5 things an architect looks for when buying a home

modern house by AHC Brisbane Builder

5 things an architect looks for when buying a home

Ask any real estate agent what a buyer’s top priority should be and they’d say: location, location.

They’re right of course, but there are other factors that will offer a great quality of living and potential into the future.

As an architect, I’m looking for the following to deliver lifestyle and returns over the long term:

1. Orientation

A property with a rear yard to the north of the property offers potential to place the living area to the rear of the home, if not already located here, and direct sunlight to these living areas.

Direct sunlight from the north is relatively easy to control, to allow in through winter and keep out through the summer.

This orientation also gives best access to outdoor spaces from the living areas, and ultimately gets the best use of your outdoor spaces as part of the living area.

2. Ventilation

Do the window types and locations offer good cross ventilation? Awning windows offer more limited ventilation then a casement window or louvers.

Another impact on this might be any noise source that is external to the house that would prevent the window being used for ventilation, such as heavy traffic.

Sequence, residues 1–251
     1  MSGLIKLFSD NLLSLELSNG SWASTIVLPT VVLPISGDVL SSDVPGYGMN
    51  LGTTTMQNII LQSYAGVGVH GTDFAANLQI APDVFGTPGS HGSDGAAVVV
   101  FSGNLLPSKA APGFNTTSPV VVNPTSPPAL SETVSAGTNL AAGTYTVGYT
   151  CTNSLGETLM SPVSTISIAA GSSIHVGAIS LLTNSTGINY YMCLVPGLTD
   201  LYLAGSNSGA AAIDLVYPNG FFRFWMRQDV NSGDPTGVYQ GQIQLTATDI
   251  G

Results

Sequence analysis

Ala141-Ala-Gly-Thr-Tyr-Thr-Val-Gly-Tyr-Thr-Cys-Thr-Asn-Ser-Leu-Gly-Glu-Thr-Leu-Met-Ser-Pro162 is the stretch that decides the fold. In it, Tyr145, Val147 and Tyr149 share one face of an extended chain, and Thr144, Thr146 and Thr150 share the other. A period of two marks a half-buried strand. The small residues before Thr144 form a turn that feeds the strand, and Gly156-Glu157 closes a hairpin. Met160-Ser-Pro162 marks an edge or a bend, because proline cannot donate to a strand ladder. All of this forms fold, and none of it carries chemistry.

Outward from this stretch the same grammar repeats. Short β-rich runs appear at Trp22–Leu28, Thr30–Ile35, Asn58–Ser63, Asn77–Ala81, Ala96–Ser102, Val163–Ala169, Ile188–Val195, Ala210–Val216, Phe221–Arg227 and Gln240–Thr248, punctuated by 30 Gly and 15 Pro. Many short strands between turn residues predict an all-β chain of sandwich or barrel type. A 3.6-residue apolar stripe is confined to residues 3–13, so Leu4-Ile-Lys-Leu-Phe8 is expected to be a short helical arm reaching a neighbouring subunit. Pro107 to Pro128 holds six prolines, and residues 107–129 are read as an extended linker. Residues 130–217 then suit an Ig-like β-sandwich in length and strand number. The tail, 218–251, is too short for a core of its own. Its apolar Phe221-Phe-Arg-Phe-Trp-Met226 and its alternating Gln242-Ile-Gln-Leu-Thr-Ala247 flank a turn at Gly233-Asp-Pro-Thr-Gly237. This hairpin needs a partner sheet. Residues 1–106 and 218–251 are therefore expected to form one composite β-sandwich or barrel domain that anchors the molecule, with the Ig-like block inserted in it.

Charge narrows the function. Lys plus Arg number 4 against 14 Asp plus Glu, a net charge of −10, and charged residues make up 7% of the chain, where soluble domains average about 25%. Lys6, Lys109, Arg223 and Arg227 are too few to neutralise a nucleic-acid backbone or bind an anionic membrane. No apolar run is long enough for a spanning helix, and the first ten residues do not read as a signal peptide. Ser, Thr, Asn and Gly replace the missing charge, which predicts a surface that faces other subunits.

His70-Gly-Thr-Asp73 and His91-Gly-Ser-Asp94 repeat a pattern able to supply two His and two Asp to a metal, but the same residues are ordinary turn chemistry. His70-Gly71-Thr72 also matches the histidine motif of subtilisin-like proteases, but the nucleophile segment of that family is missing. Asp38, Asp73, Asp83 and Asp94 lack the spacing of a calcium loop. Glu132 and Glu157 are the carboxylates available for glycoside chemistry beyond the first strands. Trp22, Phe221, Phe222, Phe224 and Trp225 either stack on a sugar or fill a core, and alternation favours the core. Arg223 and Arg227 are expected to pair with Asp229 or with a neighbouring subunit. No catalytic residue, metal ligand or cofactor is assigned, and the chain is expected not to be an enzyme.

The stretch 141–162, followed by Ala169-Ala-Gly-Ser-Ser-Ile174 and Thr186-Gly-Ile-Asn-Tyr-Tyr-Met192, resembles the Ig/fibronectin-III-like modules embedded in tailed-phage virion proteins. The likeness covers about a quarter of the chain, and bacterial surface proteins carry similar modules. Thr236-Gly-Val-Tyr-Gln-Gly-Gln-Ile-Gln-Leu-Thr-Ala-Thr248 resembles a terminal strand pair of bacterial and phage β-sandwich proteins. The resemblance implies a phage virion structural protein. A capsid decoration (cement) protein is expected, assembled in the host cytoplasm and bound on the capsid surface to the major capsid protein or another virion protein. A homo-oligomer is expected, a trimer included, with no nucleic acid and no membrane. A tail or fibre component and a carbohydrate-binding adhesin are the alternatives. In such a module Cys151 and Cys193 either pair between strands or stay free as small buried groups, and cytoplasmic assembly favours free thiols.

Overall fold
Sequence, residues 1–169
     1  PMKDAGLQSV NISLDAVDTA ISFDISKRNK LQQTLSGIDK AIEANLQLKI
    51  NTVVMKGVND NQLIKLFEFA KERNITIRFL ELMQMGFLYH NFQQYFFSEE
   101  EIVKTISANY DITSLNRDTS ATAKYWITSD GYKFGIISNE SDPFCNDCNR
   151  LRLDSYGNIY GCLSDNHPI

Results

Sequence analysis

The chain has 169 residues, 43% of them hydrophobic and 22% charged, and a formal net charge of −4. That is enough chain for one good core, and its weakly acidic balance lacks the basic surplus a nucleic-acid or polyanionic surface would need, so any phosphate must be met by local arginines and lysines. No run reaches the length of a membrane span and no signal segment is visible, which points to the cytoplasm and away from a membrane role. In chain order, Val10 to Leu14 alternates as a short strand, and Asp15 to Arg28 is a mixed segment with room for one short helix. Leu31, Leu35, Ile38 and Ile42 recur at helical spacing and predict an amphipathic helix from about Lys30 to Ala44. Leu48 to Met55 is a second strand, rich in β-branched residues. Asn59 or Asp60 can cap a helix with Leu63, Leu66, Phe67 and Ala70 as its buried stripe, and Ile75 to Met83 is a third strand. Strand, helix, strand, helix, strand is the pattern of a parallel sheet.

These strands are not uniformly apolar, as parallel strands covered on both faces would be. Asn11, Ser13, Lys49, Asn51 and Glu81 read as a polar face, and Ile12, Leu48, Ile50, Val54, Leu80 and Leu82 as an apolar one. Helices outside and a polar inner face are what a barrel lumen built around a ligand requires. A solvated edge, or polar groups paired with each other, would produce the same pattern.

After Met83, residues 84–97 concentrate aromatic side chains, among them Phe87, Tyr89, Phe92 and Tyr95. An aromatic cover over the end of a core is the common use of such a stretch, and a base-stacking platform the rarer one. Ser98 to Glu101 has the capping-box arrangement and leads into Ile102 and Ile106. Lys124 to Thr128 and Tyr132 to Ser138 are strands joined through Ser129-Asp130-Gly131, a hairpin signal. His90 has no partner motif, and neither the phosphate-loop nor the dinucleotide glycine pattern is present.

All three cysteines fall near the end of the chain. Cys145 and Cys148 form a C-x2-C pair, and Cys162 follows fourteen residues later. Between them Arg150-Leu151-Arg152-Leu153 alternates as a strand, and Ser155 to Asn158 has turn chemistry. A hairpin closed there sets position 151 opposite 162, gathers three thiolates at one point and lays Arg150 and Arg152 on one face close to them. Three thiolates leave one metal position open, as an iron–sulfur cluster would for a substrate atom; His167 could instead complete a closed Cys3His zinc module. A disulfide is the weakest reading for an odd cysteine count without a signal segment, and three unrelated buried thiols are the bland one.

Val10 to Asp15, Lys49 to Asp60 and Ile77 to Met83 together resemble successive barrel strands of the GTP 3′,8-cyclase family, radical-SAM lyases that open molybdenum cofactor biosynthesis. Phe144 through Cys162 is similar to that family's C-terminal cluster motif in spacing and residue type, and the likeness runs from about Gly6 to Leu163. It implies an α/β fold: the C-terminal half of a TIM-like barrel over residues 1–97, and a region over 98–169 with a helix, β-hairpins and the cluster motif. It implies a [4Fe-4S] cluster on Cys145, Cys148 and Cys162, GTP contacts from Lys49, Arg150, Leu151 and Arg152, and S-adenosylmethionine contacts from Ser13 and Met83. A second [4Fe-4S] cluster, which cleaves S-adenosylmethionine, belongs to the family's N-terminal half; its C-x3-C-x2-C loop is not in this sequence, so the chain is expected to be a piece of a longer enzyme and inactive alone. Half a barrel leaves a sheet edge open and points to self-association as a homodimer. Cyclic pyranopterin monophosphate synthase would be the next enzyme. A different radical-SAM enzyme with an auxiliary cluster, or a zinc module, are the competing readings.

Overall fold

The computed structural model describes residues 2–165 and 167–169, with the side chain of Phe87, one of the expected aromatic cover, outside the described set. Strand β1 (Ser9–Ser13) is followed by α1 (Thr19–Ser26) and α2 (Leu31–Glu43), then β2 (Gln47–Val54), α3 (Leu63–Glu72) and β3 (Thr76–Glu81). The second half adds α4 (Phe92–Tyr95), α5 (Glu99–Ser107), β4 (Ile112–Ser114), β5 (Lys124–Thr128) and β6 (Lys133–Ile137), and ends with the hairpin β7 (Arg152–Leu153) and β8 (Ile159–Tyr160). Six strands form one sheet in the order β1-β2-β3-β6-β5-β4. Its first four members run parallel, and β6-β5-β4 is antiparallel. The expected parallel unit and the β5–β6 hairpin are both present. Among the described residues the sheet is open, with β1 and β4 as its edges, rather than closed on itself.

Good cross ventilation of a home will not only reduce the reliance on an air conditioner in the summer, but will also reduce the likelihood of mould growth and make the property a healthier place to live over time.

Direct sunlight from the north is relatively easy to control, to allow in through winter and keep out through the summer

light airy living room

3. Adaptable layout & structure

Over time, renovations or alterations are like to be carried out on the property. Having property that offers easy adaption will help.

Well-located bathrooms and kitchens are especially important. These are costly items to be moving and make future renovations more complex. Don’t forget to eye that layout carefully!

4. Existing character & integrity

If you are considering buying an older home watch out for poor quality renovations. Sometimes these will devalue a property as there is allot more work to be done to correct the poorly thought out and poorly constructed owner builder projects.

On the other hand you may find a home that is small, as most of it is original, and well looked after. If you find them, these can offer great value. High ceilings will always make a space feel larger than it is in floor area. It will also make the home feel cooler.

For new properties, keep an eye on the quality of workmanship, and ask questions if you want to know more.

 

cosy loungeroom

5. Neighbours

What impact do nearby properties have on the one you are considering? Do they overshadow your whole back yard and render it dark or damp year round? Or will they impede any future changes you’d likely want to make to the property?

These factors can have a big impact on how you – or possible tenants – live in the property – and not items that can be easily changed.

Other things like features, paint colours and floor coverings are things not likely to be around in 20 years time anyway.

originally posted on realestate.com.au

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